Nora (Feature)

On the onset of a modern American depression, Nora, a mysterious foreign exchange student on the run from her violent home gets involved with a local family of grain farmers. Gabe, and Mason, two reckless brothers, find that their youth is being cut short with news that their estranged Grandfather is losing the original family farmland. As Gabe is ordered to assist his grandfather and trek across the country, Nora proposes to hitch a ride with him. As her immigration paperwork deadline looms, she convinces Gabe to let her stay on their secluded plot. As the two lives intertwine, their dark pasts begin to haunt them. Their secrets pull them apart, but their love grows equally. This unconventional relationship spirals out of control as the failing American economy weighs on their livelihood.

  • Skyler Lawson
    Nora (short), Clayfist, Anon
  • Shepherd Ahlers
    Two Dollar Bill, Twin Reflex, Above Suspicion
  • Stephanie Whonsetler
    Tragedy Girls, I Am Potential, Clove Hitch
  • Project Type:
  • Genres:
    Drama, Romance, Neo-Distopia, American Social Realism
  • Number of Pages:
  • Country of Origin:
    United States
  • Language:
  • First-time Screenwriter:
  • Student Project:
Writer Biography - Skyler Lawson

Skyler Lawson is an emerging writer & director with his sight set on telling visceral stories that reflect American culture as he sees it. Lawson’s films are rooted in ethical as well as philosophical concepts, exploring human faith and morality. Each one of Lawson's films are trademarked with lush and evocative camerawork, paired with a challengingly dark undercurrent. His unflinching honesty often serves as an mirror of culture in the United States, but also offers an optimistic hand as it challenges the audience to look inward. His visual sensibilities are heavily influenced by his fine art background as a painter and later a designer. He graduated among the top of his class from Herron School of Art and Design with a degree in Visual Communication. A product of a third generation farm family from Indiana, Lawson's work is laced with themes authentic to the American working class. That work ethic has permeated his career. As he left his secondary education that was focused on design thinking, and visual execution, he applied that leadership training and high creative output to his narrative film work. What defines Lawson at the core of his work, is his ability to connect with his material intimately and translate it to screen in a way that invites the audience not only to look deeper into the unique worlds of his characters, but also themselves.

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Writer Statement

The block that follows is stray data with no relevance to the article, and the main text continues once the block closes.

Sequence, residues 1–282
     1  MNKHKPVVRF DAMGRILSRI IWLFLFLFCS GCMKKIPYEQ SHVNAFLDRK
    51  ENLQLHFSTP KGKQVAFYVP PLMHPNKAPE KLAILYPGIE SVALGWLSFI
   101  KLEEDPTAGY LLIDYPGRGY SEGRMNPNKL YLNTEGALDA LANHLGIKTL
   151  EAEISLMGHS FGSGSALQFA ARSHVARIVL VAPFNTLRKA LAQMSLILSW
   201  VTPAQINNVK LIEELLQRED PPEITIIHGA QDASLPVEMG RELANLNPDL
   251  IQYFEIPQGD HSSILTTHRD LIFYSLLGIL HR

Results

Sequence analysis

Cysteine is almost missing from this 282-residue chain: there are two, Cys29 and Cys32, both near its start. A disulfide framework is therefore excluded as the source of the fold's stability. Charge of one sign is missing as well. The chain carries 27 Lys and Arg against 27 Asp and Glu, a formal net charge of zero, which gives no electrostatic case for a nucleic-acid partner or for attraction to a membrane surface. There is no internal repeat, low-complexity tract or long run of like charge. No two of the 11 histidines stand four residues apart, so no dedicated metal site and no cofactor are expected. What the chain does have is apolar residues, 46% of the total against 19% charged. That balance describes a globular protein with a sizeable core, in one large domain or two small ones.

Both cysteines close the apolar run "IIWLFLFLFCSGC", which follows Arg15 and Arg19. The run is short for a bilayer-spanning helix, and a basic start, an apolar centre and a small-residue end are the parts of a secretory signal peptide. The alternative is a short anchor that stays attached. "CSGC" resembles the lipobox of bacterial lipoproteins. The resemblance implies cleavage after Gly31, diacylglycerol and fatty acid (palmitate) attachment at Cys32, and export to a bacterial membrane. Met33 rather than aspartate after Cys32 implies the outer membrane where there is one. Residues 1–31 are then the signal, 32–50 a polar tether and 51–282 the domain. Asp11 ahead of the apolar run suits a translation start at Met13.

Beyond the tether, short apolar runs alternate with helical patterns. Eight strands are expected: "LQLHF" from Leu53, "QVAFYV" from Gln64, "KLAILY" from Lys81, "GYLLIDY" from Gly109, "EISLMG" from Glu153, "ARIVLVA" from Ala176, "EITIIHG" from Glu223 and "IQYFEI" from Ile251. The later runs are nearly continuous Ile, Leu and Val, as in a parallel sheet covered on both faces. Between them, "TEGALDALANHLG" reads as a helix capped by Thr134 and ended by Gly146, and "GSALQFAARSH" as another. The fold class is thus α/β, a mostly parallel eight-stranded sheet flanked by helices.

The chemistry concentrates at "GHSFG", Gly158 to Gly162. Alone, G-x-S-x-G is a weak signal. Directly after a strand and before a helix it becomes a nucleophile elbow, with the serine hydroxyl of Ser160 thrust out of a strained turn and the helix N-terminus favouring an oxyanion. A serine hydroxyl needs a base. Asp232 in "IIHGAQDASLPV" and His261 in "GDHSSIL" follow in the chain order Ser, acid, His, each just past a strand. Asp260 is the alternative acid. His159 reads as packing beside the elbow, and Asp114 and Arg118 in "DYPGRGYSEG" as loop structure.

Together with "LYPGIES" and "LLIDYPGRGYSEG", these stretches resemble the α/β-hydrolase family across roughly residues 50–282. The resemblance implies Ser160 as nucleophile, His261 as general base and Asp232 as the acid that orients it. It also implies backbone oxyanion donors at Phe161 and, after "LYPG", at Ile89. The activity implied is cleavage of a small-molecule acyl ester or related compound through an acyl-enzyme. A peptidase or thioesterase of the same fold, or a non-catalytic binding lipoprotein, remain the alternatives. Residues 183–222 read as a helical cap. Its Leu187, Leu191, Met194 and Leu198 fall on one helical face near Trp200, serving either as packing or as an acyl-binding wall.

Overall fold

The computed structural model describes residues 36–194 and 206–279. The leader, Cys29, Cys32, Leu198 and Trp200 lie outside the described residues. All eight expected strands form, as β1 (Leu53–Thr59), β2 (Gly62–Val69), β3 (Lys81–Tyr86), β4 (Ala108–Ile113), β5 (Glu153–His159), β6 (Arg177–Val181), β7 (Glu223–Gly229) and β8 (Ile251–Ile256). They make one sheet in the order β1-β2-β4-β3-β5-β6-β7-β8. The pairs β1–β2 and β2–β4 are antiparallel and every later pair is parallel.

When I sat down to write Nora, I had one goal. Honesty. I wanted to be honest about the place that made me who I am. I wanted to paint an honest portrait of the people that raised me, and I wanted to reflect the American culture that seldom gets portrayed in cinema. The film takes place in rural Indiana, the very place that I was born. More specifically the film is set in a farming community. It just so happens that my home state was one of the first to declare our current President as their own on election night. I felt that this decision didn’t summarize the soil that I grew from, nor did it summarize my family that cultivates that land. There is a disconnect between the blue collar worker and the ruthless passing of our times. I want this story to serve as a flag in the ground for their reality, separate from the world’s agenda, but not unaffected. In this story America is on the verge of falling into another depression. I want to show how slowly the “backbone” of America can eventually slouch into hopelessness without having much of a say in the matter. A farmer’s household and livelihood relies on three things, the weather, the stock prices of their commodities, and their faith that what they put in the ground will come up. That life requires equal doses of hard work and faith. The American farmer often goes unthanked, and unrewarded. A good year can garner high taxes and strict contracts, so why do they continue? The answer is tradition, for better or for worse it is in their blood. I wanted their experience to be seen and told from the perspective of a young immigrant. This allows for a genuine and innocent view of the good and the bad of the American working class. More specifically this story is told from the perspective of Nora a twenty year old immigrant girl. With fear of being linked to her family’s tie to a violent act in the Middle East, Nora latches on to an opportunity to live off the grid on a secluded family plot with Gabe, the youngest son of a third generation farming family. The story does not start there, first I wanted to show the everyday lifestyle of a young man and his brother with the weight of responsibility on their shoulders, the weight of a life’s work being passed on to them. Should this be seen as a birthright or a burden? The film begins in the last flickering moments of Gabe and his brother Mason’s youth, before they are forced to become adults and confront the unapologetic reality of a failing economy. They are reckless and rightfully so, as their bleak future looms, but there is another side to that burdened coin. The tradition that Gabe is taking on, is that of great pride. The unfortunate truth is that by the time it is Gabe’s turn to take the reigns of the operation, the world is not what it was when his Great Grandfather started it. Nora has seen first hand how hostile this world can be. For an immigrant to experience the daily grind of an American grain farmer is a collision and juxtaposition not of difference, but of empathy. I feel that regardless of upbringing or heritage, each person has good within them. The question for me is not of differences in ethnicity, but of similarities of the soul. I want to create a new experience for audiences unlike any they have seen. I’m trying to tell a story bigger than a common first feature for a director. I don’t think there is any shame in striving for more than the status quo. The grain belt is more than just fields, it is a culture of sweat, blood, love and faith. Through Nora’s eyes, this setting reveals it’s true beauty, not in it’s vast landscapes, but in it’s people. Although the film takes place in an economic downfall, I feel that this amplified circumstance sheds light on very real issues that are not far from reality. Many of these scenes are taken directly from my personal real life experiences and I think there is no better time to gift this small pocket of America a genuine voice. Not of bigoted ignorance, but a culture of complex love and labor. I cannot argue that there are individuals that represent the coarse distaste for cultures differing from their own. They are present, but this story does not focus on them. If you want that, watch the news. This story is about legacy and responsibility. As a young man strives to find the “American Dream” through endless sweat and opposition, I find it elegant that a refugee finds it for herself with a resilient spirit and strong will. I am a fourth generation son in a family of farmers. I did not take over for my father, as he did for his. My family saw that my heart was elsewhere and gracefully released me into the wild to be an artist, and now a filmmaker. I must honor that gesture and make my choice worth it. I have my whole soul in this project. “Nora” is a love letter to the life and responsibility that I gave up. I strive to honor my upbringing with my craft, and make sure that the America I know is woven deeply into the fabric of this narrative.